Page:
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Chipping Whole Trees for Fuel Chips: A Production Study

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A time and motion study was conducted to determine the productivity and cost of an in-woods chipping operation when processing whole small-diameter trees for biomass. The study removed biomass from two overstocked stands and compared the cost of this treatment to existing alternatives. The treatment stands consisted of a 30-year-old longleaf pine stand and a 37-year-old loblolly pine stand. In the longleaf pine stand, 71% of the trees removed were less than 5 in. dbh. In the loblolly pine stand, approximately 81% of the stems removed were less than 5 in. dbh. The harvesting system consisted of conventional ground-based harvesting equipment and a three-knife chipper that processed the biomass into fuel chips. The average production time to fill a chip van was 24.61 minutes. The chip moisture content averaged 94.11% (dry basis). Using machine rates and federal labor wage rates, the in-woods cost of producing fuel chips was $9.18/green ton (gt). The cost of the biomass chipping operation ($15.18/gt), including transportation, compared favorably to existing alternative treatments of cut-and-pile or mulching.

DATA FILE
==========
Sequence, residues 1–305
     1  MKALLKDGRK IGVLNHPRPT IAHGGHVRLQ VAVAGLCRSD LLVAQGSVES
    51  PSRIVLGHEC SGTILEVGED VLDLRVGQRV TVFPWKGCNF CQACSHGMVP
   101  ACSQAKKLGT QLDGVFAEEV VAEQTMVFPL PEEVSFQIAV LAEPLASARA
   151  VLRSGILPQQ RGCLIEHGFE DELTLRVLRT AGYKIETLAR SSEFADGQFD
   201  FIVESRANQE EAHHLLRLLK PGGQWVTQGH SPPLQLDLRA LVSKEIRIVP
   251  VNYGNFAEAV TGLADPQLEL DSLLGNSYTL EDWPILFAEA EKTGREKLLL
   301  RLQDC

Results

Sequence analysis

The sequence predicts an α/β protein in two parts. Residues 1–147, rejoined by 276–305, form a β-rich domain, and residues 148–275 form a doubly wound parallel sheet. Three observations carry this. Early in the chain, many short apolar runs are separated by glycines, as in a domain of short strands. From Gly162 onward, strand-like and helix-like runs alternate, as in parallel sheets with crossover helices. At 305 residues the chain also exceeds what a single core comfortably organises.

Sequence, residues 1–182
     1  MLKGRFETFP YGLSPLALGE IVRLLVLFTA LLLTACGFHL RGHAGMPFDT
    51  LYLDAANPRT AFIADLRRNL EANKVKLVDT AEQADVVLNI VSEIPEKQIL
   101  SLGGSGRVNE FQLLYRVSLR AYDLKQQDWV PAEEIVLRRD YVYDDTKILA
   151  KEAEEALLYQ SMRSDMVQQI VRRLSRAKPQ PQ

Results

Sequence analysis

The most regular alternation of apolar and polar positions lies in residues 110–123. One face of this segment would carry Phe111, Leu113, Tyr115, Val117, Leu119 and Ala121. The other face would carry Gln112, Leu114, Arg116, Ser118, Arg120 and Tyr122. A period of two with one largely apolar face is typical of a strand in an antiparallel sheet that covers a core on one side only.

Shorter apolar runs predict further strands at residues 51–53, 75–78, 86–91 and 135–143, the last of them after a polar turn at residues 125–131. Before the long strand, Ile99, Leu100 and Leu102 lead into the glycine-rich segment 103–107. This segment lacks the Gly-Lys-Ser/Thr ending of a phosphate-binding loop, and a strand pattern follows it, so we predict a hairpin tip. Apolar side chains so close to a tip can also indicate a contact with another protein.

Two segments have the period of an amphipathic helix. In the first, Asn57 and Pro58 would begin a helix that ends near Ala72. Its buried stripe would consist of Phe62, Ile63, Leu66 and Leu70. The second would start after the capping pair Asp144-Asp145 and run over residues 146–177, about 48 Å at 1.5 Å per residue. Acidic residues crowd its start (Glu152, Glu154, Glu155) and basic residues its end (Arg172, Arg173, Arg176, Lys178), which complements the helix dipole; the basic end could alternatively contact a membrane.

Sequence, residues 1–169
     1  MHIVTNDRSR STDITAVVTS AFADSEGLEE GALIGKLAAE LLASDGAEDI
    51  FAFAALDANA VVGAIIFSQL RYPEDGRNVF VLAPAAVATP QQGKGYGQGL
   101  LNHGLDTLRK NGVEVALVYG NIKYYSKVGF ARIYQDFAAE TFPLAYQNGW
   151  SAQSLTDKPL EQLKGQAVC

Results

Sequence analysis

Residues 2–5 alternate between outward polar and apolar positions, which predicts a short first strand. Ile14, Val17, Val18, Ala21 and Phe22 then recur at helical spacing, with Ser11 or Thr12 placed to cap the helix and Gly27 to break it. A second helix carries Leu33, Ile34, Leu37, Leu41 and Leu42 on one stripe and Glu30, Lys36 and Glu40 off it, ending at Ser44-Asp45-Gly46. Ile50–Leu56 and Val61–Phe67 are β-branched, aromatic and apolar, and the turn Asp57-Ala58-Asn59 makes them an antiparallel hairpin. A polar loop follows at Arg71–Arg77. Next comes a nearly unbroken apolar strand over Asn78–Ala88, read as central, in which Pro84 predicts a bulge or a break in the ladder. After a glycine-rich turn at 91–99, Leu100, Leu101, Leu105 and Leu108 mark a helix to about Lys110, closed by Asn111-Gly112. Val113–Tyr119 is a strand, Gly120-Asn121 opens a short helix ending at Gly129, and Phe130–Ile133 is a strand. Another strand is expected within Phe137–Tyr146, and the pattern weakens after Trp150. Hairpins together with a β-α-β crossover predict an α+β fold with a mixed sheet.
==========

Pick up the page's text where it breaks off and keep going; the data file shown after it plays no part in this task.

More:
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Keywords: biomass; harvesting; hog fuel; production

Document Type: Research Article

Publication date: 01 November 2007

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